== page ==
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  -  Business   -  Southeast Asia Business   -  Securing New Zealand’s Future: Addressing National Security Challenges Together

27 July 2023


Southeast Asia Centre of Asia-Pacific Excellence, in collaboration with Asia Forum, organised a session on 26 July, featuring an esteemed guest speaker, Tony Lynch, with the topic “New Zealanders and Our National Security”.

Tony is the Deputy Chief Executive of the National Security Group at the Department of the Prime Minister and Cabinet. His direct responsibilities include overseeing the architecture of the national security system, National Intelligence Assessments, Intelligence Coordination and National Security Policy (including Cyber Security, Emergency Management, and Security and Intelligence Policy).

New Zealand’s national security is impacted by global trends and an increasingly complex international environment. The challenging geostrategic context demands national security changes in New Zealand.

During the session, Tony effectively drew on a recently published national security Long-Term Insights Briefing (LTIB), a joint briefing from the Security and Intelligence Board agencies, led by the Department of the Prime Minister and Cabinet and the Ministry of Foreign Affairs and Trade. The topic of this briefing is “Engaging an increasingly diverse Aotearoa New Zealand on national security risks, challenges, and opportunities”.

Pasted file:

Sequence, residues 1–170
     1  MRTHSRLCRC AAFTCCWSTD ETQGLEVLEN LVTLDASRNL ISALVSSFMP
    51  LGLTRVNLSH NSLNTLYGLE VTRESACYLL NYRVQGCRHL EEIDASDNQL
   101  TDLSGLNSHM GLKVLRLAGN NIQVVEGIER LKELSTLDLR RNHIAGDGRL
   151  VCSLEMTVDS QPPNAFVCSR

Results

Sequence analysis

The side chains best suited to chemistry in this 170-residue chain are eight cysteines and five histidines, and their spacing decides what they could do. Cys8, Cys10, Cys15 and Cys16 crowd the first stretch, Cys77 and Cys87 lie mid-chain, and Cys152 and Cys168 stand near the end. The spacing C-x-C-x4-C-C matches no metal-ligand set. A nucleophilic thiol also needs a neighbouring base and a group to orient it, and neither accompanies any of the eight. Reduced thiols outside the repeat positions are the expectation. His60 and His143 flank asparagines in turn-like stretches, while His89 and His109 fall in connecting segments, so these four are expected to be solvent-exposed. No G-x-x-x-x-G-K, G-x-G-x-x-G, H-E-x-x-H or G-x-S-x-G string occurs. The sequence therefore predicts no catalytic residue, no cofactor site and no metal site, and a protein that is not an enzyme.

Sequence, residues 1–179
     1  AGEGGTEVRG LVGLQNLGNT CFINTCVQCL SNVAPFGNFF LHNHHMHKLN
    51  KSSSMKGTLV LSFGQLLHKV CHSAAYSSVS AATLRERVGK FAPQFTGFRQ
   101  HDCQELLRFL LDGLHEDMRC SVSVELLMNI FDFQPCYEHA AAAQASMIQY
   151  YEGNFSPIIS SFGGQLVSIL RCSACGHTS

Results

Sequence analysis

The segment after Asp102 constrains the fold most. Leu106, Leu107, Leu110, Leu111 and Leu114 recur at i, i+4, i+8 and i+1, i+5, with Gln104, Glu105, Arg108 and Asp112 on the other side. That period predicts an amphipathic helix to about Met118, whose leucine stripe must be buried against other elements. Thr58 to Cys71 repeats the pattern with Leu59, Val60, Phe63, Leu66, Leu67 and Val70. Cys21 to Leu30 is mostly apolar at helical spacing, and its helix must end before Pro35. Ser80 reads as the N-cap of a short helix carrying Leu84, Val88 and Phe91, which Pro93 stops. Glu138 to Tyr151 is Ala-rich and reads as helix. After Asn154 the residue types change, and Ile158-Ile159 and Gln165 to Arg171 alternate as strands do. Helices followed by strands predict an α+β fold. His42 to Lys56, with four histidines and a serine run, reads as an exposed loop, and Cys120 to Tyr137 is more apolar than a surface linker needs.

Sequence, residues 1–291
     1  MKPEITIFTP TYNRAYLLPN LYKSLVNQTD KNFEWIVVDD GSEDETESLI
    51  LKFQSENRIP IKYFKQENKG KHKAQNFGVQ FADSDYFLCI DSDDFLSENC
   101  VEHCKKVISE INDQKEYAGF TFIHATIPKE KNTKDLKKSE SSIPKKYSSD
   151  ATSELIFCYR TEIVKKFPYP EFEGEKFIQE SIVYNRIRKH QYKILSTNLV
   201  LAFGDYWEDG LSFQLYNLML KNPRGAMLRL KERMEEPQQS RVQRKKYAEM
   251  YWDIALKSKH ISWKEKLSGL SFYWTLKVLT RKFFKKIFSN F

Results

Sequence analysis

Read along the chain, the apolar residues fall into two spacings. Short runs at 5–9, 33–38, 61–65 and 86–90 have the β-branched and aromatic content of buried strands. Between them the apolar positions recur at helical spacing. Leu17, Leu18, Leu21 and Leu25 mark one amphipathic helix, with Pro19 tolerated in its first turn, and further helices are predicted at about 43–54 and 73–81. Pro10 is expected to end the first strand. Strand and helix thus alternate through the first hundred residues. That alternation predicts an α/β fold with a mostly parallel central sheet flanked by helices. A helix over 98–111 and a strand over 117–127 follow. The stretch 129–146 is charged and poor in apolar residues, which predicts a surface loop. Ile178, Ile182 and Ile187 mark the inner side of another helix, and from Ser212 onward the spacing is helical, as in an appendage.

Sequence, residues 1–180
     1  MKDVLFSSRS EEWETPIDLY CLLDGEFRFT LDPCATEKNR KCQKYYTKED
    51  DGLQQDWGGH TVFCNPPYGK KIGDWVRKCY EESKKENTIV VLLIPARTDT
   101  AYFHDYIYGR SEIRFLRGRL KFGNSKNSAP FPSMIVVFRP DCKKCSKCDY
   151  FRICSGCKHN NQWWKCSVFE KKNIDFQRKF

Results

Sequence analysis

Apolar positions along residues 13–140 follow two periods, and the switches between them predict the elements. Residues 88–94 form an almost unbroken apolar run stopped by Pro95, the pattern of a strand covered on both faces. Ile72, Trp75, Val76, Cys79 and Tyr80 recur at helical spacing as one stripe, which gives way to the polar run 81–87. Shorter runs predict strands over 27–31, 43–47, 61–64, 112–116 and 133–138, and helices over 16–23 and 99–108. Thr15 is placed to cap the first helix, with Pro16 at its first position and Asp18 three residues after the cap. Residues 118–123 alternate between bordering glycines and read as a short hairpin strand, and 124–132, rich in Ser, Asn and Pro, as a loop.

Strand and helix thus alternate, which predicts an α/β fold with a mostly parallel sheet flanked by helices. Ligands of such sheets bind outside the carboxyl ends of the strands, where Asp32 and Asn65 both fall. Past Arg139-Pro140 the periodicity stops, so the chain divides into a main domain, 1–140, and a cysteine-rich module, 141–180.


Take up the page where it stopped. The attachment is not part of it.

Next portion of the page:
This work was informed by the first national security Public Survey (2022), which highlighted the national security concerns New Zealanders are most worried about. A second survey in early 2023 updated these concerns. The top 5 perceived threats likely to occur in the next 12 months are “Natural disasters, Organised crime between New Zealand and another country, Hacking into information systems, Disinformation, and Nuclear/biological/chemical attacks somewhere in the world”.

Tony conveyed a clear message that “Public conversations about national security matter and keeping New Zealand safe” requires all New Zealanders to be a part of it, and they need to be better informed about the range of threats the nation faces.

The SEA CAPE Director, Professor Siah Hwee Ang, who moderated the session, summed up the evening’s talk: “New Zealanders need to have more education on national security, and Tony’s session today is certainly a good start”.

Almost 60 people from the government, business, tertiary and diplomatic circles attended the hybrid talk, organised in collaboration with Asia Forum, at Victoria University of Wellington’s Pipitea campus on 26 July.